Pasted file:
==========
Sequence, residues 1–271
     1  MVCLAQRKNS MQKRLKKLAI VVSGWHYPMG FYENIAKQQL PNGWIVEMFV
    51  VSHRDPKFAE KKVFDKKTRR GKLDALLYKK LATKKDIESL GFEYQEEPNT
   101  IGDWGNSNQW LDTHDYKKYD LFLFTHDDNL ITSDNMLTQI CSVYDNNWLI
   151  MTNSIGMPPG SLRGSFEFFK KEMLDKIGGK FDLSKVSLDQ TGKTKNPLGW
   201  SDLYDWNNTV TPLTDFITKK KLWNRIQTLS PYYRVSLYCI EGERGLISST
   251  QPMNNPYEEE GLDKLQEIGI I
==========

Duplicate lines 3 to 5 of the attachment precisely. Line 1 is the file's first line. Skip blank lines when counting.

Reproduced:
    51  VSHRDPKFAE KKVFDKKTRR GKLDALLYKK LATKKDIESL GFEYQEEPNT
   101  IGDWGNSNQW LDTHDYKKYD LFLFTHDDNL ITSDNMLTQI CSVYDNNWLI
   151  MTNSIGMPPG SLRGSFEFFK KEMLDKIGGK FDLSKVSLDQ TGKTKNPLGW